Elizabeth Noble has inspired me for a quarter of a century. Her revision of the classic HAVING TWINS informs how thoroughly the "Birth Machine" has infiltrated childbirth. The cradle is still being rocked by society's hand, but nowadays it a mechanical one-cold, steel, electronic, and expensive. In multiple births, everything is multipliedthe anticipation, the fear, the costs, and possible damage to the psychological integrity of the family unit when treated as "high risk." Maintaining connection with one baby already is tricky enough, in our individualistic culture, yet to deal with the projections of being abnormal and at higher risk by having a multiple pregnancy makes it all the more challenging.
My twins were born almost 30 years ago. During active labor, I was measured, sonogrammed, x-rayed, and then told I would need a cesarean. So I checked myself out of the hospital, went home, and gave natural, ecstatic birth to my twin daughters. (Read the full story in Prenatal Yoga and Natural Childbirth, reviewed in JOPPPAH 16(4) 2002.) Nowadays this would be much less likely to occur. In the last quarter of a century, there have been legal judgments upon mothers to undergo cesarean surgeries if medically indicated (meaning doctors order it).
As a mother of six children including twins, I know that it is easier to give natural birth to two babies (double the endorphins) than one and that the "higher risk" involved depends on who attends the birth, if they know that twins will be born, and if they have been medically "educated" to deny our mammalian intelligence.
The chapter on breastfeeding multiples is a must-read for any mother of twins, too. Thirteen pages are devoted to nursing, whereas only eight pages discuss breast alternatives (a.k.a. bottle feeding and other supplemental foods). The photos are particularly beautiful and share a variety of breastfeeding poses, so needed in postmodern society where the wallpaper of our lives displays isolation and otherwise promotes the products needed to sustain consumer culture and separation. Noble shows healthy ways to tend to the psychological needs of twins by tandem and extended nursing. This builds subjectsubject relationships from the beginning-even more vital for families with multiple babies, where a tendency to objectify is already exacerbated by sheer exhaustion in meeting the needs of multiple neonates.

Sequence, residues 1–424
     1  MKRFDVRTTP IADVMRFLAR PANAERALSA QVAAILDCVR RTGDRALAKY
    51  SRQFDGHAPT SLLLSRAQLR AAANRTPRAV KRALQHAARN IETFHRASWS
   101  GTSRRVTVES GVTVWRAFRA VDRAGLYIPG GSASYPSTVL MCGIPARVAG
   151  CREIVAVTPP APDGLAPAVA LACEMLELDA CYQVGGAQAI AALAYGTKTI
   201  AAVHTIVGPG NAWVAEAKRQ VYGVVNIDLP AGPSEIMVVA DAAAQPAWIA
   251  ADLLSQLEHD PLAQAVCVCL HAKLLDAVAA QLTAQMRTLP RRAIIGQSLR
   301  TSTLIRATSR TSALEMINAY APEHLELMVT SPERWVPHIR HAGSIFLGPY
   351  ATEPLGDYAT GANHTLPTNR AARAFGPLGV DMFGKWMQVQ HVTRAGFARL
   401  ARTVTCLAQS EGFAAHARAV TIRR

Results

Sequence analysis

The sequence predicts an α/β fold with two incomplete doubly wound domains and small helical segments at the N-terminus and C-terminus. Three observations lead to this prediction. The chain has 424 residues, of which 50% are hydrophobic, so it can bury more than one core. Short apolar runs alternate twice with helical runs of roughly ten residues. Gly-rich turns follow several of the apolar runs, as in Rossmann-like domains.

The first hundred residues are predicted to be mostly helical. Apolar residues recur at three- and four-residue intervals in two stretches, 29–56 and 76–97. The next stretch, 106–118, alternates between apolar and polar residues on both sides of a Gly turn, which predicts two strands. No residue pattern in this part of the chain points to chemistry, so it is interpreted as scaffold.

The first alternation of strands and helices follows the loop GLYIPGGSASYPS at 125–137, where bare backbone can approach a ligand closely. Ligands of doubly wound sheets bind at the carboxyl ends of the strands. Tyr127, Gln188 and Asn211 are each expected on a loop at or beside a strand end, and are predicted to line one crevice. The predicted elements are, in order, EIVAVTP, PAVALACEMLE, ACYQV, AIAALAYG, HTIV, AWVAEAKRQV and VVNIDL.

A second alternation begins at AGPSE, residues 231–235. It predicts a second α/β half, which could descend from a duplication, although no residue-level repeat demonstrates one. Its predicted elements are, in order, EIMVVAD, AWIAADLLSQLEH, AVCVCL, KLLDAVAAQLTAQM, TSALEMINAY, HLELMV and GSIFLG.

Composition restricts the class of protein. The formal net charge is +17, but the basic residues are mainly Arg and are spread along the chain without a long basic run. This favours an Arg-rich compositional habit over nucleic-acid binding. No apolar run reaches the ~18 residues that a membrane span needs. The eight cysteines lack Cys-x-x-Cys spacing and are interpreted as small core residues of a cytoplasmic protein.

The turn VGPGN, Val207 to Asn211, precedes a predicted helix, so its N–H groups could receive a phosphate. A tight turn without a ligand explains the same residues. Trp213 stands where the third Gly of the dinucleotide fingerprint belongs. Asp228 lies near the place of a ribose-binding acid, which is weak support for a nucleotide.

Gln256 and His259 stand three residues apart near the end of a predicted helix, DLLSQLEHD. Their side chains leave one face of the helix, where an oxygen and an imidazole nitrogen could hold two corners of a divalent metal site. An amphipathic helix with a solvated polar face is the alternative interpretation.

It is refreshing to read a guidebook that is a vast exploration beyond the prevailing myths about multiple births. I like Noble's free-range genius that presents evidence-based data, stories, ideas, and an invitation to think outside of fear (and the complicity it engenders in parents of multiples).
For members of APPPAH, Noble's book is requisite reading, to expand your knowledge of the medicalization of multiple birth and the myth of the "normal." HAVING TWINS has courage. The author takes the reader to the primal core. Rather than viewed as medical emergencies waiting to happen, by this education twin babies can be gently welcomed with love from before birth.
Thank you, Elizabeth, for a wonderful contribution to the growing childbirth wisdom library. The hand that rocks the "Birth Machine" frees the world, and HAVING TWINS doubly rocks!